Are you participating in NaNoWriMo this year? How are you doing? As we get close to the middle of the month, I thought it would be a good idea to check-in with other members of the #amwriting community to see how it’s going.
This is my second year attempting NaNoWriMo. (See this excellent post by Everett Maroon for an explanation of the event.) I tried last year when I was in the midst of revisions for another book (not the time to do NaNo I learned) and lasted all of five days. So, I’m doing better this year, since here we are on Day 13 and I’m still writing!
Here’s the calendar I have hanging by my writing desk (yes, there are red walls in that room) and you can see I’ve marked off the days that have elapsed in November. Those little smiley faces are the days where I actually wrote something.
I used to give myself a gold star on my calendar on days I produced writing. On the day I discovered that the craft store that used to carry my treasured gold stars no longer did, I was momentarily devastated and bereft. They did have smiley faces, though, so they have had to take the place of gold stars. They’re almost as good, but not quite.
Two things are apparent from the above photo: (a) I am motivated by silly things like gold star or smiley face rewards (still stuck in third grade perhaps); and (b) I am a binge writer.
I learned about “binge writers” in a book provocatively titled “How to Write a Lot,” by Paul J. Silvia. This book is not one of those passed around by fiction writers and recommended in workshops, but since it’s subtitle is “A Practical Guide to Productive Academic Writing,” it’s aimed at a different audience. I learned about it from a history professor who was in the midst of writing a non-fiction book, and despite the fact that I disagree with the author’s characterization of binge writing as a “wasteful, unproductive strategy,” he makes a number of excellent points.
Since Silvia wrote this book for professors who often view writing as a chore to be avoided while they devote their time to what they really love (their research and teaching), the book focuses on practical advice for getting something done. His audience are people who already have something to say, maybe even a lot to say. They’ve done the work and they just need to write it up. Silvia says, in the introduction to his book, “We won’t talk about insecurities, feelings of avoidance and defensiveness, or inner mental blocks that hold people back.” Instead, he says, “Writing productively is about actions that you aren’t doing but could easily do: making a schedule, setting clear goals, keeping track of your work, rewarding yourself, and building good habits.”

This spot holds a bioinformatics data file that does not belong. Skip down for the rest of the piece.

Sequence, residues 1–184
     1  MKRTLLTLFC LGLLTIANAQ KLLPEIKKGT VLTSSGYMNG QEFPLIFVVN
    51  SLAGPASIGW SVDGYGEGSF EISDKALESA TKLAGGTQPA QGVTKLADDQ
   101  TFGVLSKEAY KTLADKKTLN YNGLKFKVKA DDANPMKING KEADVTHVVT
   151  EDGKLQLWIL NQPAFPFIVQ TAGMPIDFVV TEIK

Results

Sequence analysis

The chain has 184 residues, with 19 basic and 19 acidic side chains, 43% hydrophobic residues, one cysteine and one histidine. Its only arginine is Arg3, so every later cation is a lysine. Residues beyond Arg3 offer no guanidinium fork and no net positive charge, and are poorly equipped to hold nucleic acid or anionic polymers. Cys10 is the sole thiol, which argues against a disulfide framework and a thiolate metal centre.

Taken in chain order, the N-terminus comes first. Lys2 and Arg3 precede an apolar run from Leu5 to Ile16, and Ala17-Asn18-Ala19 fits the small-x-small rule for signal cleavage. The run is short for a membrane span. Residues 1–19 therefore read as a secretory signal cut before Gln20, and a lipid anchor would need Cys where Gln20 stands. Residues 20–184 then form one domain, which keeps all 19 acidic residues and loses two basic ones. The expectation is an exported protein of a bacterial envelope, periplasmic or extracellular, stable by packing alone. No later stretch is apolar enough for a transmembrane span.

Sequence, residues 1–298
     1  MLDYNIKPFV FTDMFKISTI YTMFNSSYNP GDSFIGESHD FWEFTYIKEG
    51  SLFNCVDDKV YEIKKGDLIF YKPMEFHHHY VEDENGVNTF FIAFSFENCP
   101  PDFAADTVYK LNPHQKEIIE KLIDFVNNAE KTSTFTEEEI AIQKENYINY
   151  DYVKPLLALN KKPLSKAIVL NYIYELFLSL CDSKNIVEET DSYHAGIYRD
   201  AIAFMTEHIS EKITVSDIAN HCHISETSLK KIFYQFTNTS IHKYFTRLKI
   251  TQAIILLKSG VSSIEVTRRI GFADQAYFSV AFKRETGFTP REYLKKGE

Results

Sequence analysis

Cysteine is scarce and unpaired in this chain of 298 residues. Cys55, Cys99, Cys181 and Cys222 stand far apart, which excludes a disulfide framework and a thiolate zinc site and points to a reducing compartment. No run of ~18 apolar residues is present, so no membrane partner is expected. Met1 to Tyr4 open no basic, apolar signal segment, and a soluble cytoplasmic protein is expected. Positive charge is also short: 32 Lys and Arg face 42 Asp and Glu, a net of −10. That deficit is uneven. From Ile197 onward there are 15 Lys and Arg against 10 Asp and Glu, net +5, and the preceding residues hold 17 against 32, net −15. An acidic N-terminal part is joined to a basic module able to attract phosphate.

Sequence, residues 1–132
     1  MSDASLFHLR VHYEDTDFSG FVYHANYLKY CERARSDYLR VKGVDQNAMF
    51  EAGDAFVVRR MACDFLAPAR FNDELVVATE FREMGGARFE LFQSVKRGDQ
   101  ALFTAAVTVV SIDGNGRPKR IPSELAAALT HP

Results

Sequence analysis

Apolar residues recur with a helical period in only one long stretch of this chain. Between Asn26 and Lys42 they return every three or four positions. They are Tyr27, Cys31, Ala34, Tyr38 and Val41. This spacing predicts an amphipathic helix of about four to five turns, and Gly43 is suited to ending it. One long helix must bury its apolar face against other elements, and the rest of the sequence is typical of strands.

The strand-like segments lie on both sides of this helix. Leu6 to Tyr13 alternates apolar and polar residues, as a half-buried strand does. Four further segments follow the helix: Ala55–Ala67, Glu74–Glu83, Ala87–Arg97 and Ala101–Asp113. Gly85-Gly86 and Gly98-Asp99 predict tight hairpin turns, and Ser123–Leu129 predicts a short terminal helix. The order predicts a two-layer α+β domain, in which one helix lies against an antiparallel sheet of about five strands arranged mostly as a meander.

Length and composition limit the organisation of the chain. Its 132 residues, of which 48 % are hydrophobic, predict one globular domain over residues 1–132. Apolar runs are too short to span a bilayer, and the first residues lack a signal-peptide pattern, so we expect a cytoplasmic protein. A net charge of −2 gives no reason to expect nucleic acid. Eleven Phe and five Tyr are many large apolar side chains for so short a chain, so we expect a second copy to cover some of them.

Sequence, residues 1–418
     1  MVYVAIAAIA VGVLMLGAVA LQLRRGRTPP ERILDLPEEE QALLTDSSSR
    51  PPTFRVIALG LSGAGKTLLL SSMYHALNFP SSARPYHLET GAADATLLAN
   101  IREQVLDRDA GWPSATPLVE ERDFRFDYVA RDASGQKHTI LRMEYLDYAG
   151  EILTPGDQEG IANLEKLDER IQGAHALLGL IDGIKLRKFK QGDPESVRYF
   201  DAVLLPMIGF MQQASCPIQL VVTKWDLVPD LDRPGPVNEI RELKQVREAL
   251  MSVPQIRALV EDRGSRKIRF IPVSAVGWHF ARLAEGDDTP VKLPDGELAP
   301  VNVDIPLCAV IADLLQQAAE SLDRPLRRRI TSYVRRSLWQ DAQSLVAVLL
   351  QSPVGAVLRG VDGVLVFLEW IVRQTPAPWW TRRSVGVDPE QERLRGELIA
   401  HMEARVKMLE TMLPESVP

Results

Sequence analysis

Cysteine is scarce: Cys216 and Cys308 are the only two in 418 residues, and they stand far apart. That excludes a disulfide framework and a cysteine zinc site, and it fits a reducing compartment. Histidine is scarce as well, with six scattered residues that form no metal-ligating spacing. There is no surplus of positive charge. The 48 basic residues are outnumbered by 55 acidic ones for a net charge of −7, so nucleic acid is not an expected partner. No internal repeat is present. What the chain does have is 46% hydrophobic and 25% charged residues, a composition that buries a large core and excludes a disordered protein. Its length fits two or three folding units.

In other words, he is advocating much the same thing as the NaNoWriMo folks: make a schedule, set a daily, weekly and monthly goal, keep track of your work, and, in addition, do it with about a half million other people who will cheer you on!
The NaNoWriMo folks make all this easy by giving you a pre-set schedule and a way to keep track of your work. They cheer you on via Twitter and Facebook and email. For me, though, the most important part of it is the validation. I especially like the “stats” chart on my NaNo homepage. Well, I don’t actually like it right now, since I’m behind, but I am very motivated when that bar graph starts getting taller.
My binge writing days are really obvious in this graph (those are the days where my progress goes from near-flatline to soaring) but without the days of binge writing (which seem, to me, to be more about being on a roll) I would be woefully behind and might have given up. I’m sure I would feel better if I’d written 1667 words every single day, but I find I have other roles in life that often call me away.
So, I’m a binge writer, I suppose. Right now, I don’t have time to worry about that since I need to get back to my novel after a long weekend devoted to other work that could not be set aside. All I know is that my word count today is 16,258 and it’s supposed to be 20,000…so I’m going to go dump out a few more words.
See you at the finish line and let me know how you’re doing!